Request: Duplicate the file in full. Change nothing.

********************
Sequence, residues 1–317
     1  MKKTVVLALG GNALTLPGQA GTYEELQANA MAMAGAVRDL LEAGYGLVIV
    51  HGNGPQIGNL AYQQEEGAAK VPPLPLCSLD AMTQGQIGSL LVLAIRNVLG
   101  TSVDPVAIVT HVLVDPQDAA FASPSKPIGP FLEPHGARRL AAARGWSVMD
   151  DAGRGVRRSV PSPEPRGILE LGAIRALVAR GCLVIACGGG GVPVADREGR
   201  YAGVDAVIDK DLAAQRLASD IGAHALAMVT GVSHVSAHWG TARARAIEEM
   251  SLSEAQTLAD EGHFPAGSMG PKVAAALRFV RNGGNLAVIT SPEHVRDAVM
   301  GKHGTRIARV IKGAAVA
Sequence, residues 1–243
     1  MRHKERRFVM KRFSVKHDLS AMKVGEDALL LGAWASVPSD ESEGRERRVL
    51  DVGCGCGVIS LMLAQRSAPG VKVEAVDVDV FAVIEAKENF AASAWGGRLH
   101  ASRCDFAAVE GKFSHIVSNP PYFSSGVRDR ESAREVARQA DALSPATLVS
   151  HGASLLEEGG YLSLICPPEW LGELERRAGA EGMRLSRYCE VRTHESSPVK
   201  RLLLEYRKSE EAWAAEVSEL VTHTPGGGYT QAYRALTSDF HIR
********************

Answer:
Sequence, residues 1–317
     1  MKKTVVLALG GNALTLPGQA GTYEELQANA MAMAGAVRDL LEAGYGLVIV
    51  HGNGPQIGNL AYQQEEGAAK VPPLPLCSLD AMTQGQIGSL LVLAIRNVLG
   101  TSVDPVAIVT HVLVDPQDAA FASPSKPIGP FLEPHGARRL AAARGWSVMD
   151  DAGRGVRRSV PSPEPRGILE LGAIRALVAR GCLVIACGGG GVPVADREGR
   201  YAGVDAVIDK DLAAQRLASD IGAHALAMVT GVSHVSAHWG TARARAIEEM
   251  SLSEAQTLAD EGHFPAGSMG PKVAAALRFV RNGGNLAVIT SPEHVRDAVM
   301  GKHGTRIARV IKGAAVA
Sequence, residues 1–243
     1  MRHKERRFVM KRFSVKHDLS AMKVGEDALL LGAWASVPSD ESEGRERRVL
    51  DVGCGCGVIS LMLAQRSAPG VKVEAVDVDV FAVIEAKENF AASAWGGRLH
   101  ASRCDFAAVE GKFSHIVSNP PYFSSGVRDR ESAREVARQA DALSPATLVS
   151  HGASLLEEGG YLSLICPPEW LGELERRAGA EGMRLSRYCE VRTHESSPVK
   201  RLLLEYRKSE EAWAAEVSEL VTHTPGGGYT QAYRALTSDF HIR